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Nigerian Senate considers moves to force President to act over Fulani threat

West & Central Africa

Nigerian Senate considers moves to force President to act over Fulani threat

The Nigerian senate has threatened ‘to shut down’ the upper legislative chamber to force President Muhammadu Buhari into taking effective action in stopping the devastation of predominantly Christian communities of the Middle Belt region of the country by Fulani cattle herdsmen.

The deputy President of the Senate, Ike Ekweremadu, speaking at the plenary on Tuesday 16 April, said: “The primary purpose of government anywhere in the world is the preservation of the lives of citizens.”

“The time has come for us to seek help from other countries. We should not be ashamed to ask for help,” he declared.

Ekweremadu said, “If it gets to a level where we have to shut down this National Assembly and sit down with the executive for as long as it lasts to resolve the problem, we will have to do that.”

The call comes after another wave of attacks and killings in Nasarawa and Benue states over the weekend that have claimed the lives of over 30 people.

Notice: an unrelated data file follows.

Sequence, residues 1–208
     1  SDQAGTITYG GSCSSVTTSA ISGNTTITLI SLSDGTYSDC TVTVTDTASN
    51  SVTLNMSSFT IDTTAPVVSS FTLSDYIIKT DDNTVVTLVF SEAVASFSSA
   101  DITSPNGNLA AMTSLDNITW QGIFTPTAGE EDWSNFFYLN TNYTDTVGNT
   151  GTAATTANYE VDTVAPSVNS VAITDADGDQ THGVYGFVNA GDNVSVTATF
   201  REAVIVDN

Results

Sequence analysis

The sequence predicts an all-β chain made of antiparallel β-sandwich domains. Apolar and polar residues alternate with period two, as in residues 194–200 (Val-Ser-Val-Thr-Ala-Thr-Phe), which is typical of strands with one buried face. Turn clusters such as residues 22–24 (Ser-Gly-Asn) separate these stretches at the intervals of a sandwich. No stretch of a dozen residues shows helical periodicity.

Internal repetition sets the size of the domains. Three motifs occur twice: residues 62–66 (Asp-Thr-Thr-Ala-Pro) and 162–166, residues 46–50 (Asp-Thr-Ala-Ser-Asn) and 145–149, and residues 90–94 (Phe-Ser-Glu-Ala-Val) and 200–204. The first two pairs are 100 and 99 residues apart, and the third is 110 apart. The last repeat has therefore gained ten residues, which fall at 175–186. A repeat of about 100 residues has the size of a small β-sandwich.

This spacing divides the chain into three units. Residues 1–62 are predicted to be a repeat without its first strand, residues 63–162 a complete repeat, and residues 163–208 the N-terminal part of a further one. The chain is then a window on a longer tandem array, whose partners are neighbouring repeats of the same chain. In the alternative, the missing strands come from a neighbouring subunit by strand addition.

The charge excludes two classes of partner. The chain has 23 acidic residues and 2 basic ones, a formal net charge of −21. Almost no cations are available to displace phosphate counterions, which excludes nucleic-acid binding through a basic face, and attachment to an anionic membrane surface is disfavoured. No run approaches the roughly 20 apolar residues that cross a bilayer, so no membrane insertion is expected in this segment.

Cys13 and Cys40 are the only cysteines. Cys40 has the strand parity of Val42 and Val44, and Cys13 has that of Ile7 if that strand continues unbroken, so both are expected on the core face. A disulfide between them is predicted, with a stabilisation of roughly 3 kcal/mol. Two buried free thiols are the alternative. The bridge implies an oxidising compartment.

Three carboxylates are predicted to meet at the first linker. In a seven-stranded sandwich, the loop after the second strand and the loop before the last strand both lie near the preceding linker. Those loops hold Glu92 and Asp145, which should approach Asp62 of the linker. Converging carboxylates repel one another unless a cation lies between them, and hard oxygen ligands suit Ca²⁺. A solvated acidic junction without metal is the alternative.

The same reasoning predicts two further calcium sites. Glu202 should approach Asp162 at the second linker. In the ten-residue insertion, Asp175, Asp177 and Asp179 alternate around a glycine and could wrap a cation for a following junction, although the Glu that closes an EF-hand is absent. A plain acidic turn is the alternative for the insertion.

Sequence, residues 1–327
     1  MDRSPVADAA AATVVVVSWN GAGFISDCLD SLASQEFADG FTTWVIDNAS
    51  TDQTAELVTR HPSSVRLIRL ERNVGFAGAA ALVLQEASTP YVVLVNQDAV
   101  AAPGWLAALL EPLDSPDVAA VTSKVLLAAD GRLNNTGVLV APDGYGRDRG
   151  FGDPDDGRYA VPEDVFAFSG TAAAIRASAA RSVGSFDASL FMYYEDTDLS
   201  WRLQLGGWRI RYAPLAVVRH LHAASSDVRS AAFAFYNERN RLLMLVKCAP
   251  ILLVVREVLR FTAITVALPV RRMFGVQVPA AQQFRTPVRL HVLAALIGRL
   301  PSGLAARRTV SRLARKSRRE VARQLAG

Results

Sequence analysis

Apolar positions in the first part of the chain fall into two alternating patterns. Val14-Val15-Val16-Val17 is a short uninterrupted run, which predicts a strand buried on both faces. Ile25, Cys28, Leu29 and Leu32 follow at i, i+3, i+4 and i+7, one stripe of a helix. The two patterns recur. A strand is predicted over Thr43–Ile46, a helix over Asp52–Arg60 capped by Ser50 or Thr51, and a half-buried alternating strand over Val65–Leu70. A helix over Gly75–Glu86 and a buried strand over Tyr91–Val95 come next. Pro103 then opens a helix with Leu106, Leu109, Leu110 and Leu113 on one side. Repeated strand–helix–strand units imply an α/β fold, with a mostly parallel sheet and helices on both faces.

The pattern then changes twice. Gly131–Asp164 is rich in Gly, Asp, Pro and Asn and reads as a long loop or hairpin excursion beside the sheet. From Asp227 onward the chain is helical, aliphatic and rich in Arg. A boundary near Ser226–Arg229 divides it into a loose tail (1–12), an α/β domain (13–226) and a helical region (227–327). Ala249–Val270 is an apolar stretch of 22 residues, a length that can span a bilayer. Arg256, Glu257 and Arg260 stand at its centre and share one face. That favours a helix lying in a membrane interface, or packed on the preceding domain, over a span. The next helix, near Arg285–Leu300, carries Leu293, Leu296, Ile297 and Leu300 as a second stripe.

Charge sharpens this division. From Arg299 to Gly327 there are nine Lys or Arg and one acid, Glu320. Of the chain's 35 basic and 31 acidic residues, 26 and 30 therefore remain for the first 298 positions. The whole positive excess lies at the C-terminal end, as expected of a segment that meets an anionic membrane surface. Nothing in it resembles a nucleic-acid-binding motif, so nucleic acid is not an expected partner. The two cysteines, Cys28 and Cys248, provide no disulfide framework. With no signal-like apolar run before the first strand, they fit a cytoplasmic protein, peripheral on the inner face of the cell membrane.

The senator representing Nasarawa constituency, Solomon Adokwe, said: “Throughout the weekend to this moment, herdsmen have unleashed mayhem on the people of my senatorial district, leaving many dead bodies, numerous injured persons and hundreds of thousands of internally displaced persons. The victims are largely the Tiv speaking ethnic nationalities, with a reported dead toll of 32 persons, and we are still counting.”

The senator said the Islamic Fulani herdsmen carried out “a well-coordinated and simultaneous carnage” four communities; Awe, Obi, Keana and Doma Local Government councils.

“The tragedy is that for four days running, this mayhem has continued unhindered, unchecked, unstopped by any arm of the law and security enforcement agencies,” Adokwe pointed out.

“Indeed, right under the nose of the armed forces and the police, this killing is sustained by sheer negligence or refusal to act by the security agencies. It is very sad that in Nigeria, with all the security forces, a whole senatorial district will go on being punished by militia and no action coming from government,” Adokwe said.

Senator Barnabas Gemade who represents Benue State said that Nigeria was becoming a state in which there had been ethnic cleansing.

The senator put the blame on the federal government and said: “It is a shame that a sitting government could watch criminality go to the level that we have seen it today. Rather than rise up and take very decisive steps against it, we embark on denials and shield this evil by just explaining, with flimsy excuses, that these are communal clashes between communities.”

 

Hassan John is West Africa Editor, GCN and Priest of the Anglican Diocese of Jos

Image Credits/Google images/Ekweremadu/

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